about Alton, Illinois.  They don’t
know what really went down
with the wives and children,
the other women, all those sidemen
whose shadows you carry around
like passkeys inside your harmonies,
how like the tonic in sonata form
what comes around
goes around and payback surely
is a bitch you’re paying
premium right now.
They don’t know what it means
to be a Black dentist’s son,
a scion, trained at Juilliard
and in the dream logic of Harlem,
returning to your daddy’s farm
long past grown, him leaving
you to live or die
in the sweat of your nightmares
in your room above the barn
as you battle the past,
your ghosts and junk,
wrestling like Jacob
the relentless angel that yearns
to slay you, lay you out
so you keep swinging,
burning in those hazy blues
of backrooms and burning spoons,
turning back to every word
and tune that ever sustained you—

Don’t fail—
finding the breath
to wield a grace note:
Death, not yet.

Tonight: amped to decibels to blow
the eardrums clear of hearing,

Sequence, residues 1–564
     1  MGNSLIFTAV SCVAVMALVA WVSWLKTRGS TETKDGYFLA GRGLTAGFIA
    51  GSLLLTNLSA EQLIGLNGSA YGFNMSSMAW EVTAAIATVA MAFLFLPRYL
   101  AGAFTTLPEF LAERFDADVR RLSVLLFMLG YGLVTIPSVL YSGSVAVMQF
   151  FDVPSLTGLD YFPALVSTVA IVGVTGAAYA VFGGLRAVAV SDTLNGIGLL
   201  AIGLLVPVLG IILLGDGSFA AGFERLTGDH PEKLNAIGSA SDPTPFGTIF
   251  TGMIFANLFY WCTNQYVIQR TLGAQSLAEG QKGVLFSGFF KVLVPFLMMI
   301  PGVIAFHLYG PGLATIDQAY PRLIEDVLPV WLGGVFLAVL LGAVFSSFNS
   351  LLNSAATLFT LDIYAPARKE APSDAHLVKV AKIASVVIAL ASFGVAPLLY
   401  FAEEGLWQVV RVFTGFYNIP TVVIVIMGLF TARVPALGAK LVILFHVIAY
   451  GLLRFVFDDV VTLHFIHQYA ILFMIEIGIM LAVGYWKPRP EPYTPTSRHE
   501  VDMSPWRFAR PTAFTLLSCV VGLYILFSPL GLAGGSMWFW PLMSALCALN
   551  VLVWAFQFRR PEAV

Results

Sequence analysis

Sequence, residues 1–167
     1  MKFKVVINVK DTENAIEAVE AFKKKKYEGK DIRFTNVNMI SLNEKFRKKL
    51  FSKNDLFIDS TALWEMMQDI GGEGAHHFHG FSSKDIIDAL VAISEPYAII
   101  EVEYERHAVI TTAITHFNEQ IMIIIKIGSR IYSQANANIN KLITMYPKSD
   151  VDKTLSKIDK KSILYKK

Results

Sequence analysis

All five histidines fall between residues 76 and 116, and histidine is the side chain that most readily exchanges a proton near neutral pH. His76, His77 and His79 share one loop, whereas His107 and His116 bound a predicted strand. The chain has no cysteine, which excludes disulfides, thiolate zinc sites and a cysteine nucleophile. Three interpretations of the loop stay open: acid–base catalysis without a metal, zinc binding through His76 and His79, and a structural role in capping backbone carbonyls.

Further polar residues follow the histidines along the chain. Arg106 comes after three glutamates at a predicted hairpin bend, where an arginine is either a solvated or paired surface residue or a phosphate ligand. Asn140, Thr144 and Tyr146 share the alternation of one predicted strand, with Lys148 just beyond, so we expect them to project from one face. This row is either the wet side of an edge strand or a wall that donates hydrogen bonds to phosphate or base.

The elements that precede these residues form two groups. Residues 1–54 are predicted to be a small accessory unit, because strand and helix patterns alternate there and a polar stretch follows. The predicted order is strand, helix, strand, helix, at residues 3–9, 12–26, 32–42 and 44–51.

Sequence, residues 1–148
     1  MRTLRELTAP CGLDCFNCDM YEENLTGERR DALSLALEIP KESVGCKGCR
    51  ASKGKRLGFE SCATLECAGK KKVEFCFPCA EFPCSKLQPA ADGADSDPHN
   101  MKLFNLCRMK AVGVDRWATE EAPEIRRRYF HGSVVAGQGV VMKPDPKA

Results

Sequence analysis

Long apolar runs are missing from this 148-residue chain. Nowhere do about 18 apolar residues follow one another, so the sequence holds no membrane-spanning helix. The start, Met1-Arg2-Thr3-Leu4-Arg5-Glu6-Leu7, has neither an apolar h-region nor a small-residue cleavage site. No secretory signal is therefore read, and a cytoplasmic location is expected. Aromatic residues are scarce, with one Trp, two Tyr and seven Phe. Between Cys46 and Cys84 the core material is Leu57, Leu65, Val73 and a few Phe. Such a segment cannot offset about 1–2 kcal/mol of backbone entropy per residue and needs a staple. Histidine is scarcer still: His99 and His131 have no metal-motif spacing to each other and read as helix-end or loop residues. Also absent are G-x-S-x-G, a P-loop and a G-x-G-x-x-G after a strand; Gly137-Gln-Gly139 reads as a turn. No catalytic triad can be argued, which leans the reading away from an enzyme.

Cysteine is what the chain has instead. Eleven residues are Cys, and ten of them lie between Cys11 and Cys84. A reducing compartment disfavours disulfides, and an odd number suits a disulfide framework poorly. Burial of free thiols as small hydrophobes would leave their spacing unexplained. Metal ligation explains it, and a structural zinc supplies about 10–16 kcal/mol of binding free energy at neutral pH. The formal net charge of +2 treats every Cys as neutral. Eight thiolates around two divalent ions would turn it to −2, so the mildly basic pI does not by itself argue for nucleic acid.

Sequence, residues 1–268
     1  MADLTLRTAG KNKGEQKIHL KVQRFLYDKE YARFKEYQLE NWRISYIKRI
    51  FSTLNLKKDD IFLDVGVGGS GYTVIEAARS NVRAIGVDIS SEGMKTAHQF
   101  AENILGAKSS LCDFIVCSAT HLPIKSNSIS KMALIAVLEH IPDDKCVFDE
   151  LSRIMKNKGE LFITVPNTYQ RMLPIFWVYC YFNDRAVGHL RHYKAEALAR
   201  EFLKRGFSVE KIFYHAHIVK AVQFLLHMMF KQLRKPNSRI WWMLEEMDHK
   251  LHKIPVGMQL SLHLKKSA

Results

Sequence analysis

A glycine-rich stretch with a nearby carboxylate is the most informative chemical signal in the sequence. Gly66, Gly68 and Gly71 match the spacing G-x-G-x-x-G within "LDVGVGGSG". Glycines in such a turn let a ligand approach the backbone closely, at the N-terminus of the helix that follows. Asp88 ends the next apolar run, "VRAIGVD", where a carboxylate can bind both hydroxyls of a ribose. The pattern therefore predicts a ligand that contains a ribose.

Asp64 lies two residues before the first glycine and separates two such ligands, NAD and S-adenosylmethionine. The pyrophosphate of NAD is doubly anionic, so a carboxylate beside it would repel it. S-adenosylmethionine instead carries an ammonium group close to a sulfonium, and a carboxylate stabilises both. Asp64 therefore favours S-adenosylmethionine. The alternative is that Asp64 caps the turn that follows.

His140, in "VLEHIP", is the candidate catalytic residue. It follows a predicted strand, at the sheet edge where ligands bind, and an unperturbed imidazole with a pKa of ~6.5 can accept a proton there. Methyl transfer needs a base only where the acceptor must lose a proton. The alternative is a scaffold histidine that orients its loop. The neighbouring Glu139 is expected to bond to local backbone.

bassists and keyboardists
whose names you never learned
or cannot remember,
ancestors and mojos and Ju-Ju
protecting you
even though your heart
keeps popping like a snare drum
and your ears register
only a red buzzing,
you mount the stage—
or was that yesterday,
when you prepared to state
with your horn what your lips
refuse to bear away,
how it’s not about being a genius
or merely surviving, how nobody ever
sees what goes down in the head
of a brother striving so hard
to make something beautiful
and impregnable and lasting
out of the margins of this blue life,
how the dues you pay never suffice,
and you play and play and play
thinking that moment will come
but it never does, or it came so often
you realized it only too late,
like now, so you’ll always blame
yourself, assume responsibility.
Passion is a song you sing
on your own terms: the set opens,
and you hold your breath
to map the evening’s destiny: sound.
Death, get ready.

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Man Ray by Cecile Ceuillette Berberat

Man Ray Cecile Ceuillette BerberatFeatured in Issue 1 of Madcap Review

Man Ray for breakfast. Man Ray for lunch. Man Ray to bring the
mimosa and a single flower to your sickbed, on Valentine’s Day,